hutch

  • Grease Monkey
  • ****
  • Posts: 380
  • Karma: 0
  • Til death do us part
Re: Thinking in a RE Bullet Classic 07...
« Reply #9 on: September 19, 2007, 02:12:34 PM »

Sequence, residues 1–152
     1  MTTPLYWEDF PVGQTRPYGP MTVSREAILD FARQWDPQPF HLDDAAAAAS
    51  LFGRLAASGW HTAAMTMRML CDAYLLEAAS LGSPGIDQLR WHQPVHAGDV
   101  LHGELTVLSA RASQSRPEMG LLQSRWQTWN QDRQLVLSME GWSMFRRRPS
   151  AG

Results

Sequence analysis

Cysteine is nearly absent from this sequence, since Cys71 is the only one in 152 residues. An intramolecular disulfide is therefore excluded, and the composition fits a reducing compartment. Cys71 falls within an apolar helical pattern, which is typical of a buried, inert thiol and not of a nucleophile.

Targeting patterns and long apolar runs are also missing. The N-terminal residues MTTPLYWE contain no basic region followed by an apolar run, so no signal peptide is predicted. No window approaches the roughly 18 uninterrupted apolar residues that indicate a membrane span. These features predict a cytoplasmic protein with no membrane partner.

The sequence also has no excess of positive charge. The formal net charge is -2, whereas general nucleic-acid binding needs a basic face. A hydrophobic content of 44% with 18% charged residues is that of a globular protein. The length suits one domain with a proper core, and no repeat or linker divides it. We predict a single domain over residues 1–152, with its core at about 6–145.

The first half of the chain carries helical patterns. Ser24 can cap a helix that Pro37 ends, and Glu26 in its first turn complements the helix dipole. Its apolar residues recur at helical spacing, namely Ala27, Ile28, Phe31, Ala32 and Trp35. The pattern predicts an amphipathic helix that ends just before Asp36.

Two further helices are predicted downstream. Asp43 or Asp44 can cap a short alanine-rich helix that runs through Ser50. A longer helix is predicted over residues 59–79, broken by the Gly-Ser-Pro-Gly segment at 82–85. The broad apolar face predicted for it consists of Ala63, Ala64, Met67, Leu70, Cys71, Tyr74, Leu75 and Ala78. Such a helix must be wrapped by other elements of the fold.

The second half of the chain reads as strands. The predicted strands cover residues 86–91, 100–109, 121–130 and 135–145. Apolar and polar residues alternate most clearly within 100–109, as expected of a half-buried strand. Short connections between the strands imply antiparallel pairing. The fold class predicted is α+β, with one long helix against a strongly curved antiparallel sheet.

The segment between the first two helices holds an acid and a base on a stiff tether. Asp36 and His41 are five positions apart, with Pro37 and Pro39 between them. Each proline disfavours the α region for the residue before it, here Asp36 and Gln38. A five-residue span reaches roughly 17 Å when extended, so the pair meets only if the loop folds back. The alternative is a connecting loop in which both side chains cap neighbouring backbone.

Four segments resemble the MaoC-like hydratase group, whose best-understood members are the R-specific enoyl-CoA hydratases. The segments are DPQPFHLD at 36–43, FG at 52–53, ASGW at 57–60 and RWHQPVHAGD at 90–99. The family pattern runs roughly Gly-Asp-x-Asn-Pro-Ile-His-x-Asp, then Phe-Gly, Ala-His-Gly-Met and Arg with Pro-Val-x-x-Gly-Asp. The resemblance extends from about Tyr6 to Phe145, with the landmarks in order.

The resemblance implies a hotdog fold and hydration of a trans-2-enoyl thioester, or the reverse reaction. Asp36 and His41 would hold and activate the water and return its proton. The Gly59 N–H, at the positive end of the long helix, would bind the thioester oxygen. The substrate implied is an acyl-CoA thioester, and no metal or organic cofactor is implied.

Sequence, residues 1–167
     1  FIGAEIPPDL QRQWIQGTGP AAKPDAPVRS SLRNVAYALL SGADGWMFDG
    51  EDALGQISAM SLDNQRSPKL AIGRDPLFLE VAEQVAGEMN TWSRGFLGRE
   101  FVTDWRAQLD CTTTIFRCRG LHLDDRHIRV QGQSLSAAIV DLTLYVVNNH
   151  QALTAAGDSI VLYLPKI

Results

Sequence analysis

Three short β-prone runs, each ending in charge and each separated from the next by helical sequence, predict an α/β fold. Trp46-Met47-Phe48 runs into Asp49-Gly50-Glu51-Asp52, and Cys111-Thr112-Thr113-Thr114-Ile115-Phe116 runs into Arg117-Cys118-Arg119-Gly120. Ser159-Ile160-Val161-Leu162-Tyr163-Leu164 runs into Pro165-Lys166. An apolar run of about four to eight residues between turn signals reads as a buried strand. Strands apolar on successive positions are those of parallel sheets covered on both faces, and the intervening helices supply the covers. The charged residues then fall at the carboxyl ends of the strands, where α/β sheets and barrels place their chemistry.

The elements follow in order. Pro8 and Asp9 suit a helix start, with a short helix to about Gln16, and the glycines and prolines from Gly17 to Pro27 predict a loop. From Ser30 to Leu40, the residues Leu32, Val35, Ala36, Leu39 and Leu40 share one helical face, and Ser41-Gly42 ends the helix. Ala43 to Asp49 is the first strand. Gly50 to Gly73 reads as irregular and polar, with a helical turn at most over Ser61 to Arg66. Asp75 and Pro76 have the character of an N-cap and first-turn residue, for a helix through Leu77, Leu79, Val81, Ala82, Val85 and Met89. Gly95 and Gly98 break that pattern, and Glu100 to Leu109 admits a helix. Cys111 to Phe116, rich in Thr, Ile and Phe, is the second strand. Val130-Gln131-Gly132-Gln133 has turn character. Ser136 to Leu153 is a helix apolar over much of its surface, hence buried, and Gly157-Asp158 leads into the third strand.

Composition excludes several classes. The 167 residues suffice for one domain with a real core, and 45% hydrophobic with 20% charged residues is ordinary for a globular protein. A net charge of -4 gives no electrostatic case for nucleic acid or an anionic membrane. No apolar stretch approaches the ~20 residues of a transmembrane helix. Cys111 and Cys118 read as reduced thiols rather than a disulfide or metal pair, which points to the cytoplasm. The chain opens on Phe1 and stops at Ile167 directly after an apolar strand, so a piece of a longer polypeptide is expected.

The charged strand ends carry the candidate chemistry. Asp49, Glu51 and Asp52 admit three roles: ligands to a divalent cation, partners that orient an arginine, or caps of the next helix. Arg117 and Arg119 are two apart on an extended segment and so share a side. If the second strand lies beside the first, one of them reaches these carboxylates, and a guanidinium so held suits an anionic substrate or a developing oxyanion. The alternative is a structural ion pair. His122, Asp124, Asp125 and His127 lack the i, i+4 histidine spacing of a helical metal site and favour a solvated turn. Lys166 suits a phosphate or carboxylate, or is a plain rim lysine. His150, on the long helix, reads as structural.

I belong to a Suzuki Savage forum and a couple of people on there are thinking of buying Bullets. People were coming on and bashing them bad. None actualy own one,I take that back, one did own one but sold it because he said it performed like a Honda 90 and when he souped it up it was unrliable. The rest just heard they were frail and of poor quality. I own both bikes and came a bit unglued. I had to straighten that out. I told them that the Bullet was first introduced in 1933 and have been built fo 74 years and counting, so that says a lot.How easy they are to maintain. Like not having to pull the gas tank to change the spark plug. The Bullet has accessories  and go fast parts for days, unlike the Savage that you can buy a windshield for and a couple of mufflers. The Savage is so lean from the factory it backfires and when you rejet and put a high flo muffler it sound like a shotgun going off on decel. It takes forever to get rid of that if you ever do. They ride like a 1 ton truck, handle like a raked chopper, and only get about 50mpg. In stock form with the belt drive they aren't much faster on top end than a Bullet, but do accelerate faster. I changed mine to chain, after being told I was nuts, and solved the high rpm problem at 70mph. I also told them of my riding and owning every bike you can imagine in 40 years. When I thought about it, I had never been stranded on a British bike. Of the 8 bikes I own now 4 are running and 3 of them are British, 2 of those are a 67 Enfield and my Bullet. I had to quit before they got mad, so I sent a PM to the guy thinking of trading his Savage for a Bullet. I compared the bikes to the AK47 and M16. The Savage is like the M16, as long as everything is perfect it will run, the Bullet is like the AK47 and can be out of time and adjustment and will still get you home. And is easy to fix when you get there. I couldn't stress enough that The Bullet was not a speed machine, but was dependable, economical, fixable and that since the Savage is not for interstate use either, the only advantage of the Savage is you get to the 55mph speed limit faster. I also told one guy that if they took a Savage to India and tried to ride the same roads and carry the same loads on it like the Bullet does everyday that they would be a pile of scap iron in no time.. Go to Suzuki Savage.com as a visitor, then go to the cafe, click on "The offer has been made" post and check it out. I think I may have a few people mad, but I hate people giving bad info with no experience.       Hutch